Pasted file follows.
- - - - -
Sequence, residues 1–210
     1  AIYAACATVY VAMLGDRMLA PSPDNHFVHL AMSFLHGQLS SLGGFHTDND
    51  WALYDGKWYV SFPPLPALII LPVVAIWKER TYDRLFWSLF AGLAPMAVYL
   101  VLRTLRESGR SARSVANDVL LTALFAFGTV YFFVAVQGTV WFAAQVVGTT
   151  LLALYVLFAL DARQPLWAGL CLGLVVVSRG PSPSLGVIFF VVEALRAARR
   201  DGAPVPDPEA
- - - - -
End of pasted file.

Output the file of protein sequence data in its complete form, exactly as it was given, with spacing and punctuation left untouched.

Sequence, residues 1–210
     1  AIYAACATVY VAMLGDRMLA PSPDNHFVHL AMSFLHGQLS SLGGFHTDND
    51  WALYDGKWYV SFPPLPALII LPVVAIWKER TYDRLFWSLF AGLAPMAVYL
   101  VLRTLRESGR SARSVANDVL LTALFAFGTV YFFVAVQGTV WFAAQVVGTT
   151  LLALYVLFAL DARQPLWAGL CLGLVVVSRG PSPSLGVIFF VVEALRAARR
   201  DGAPVPDPEA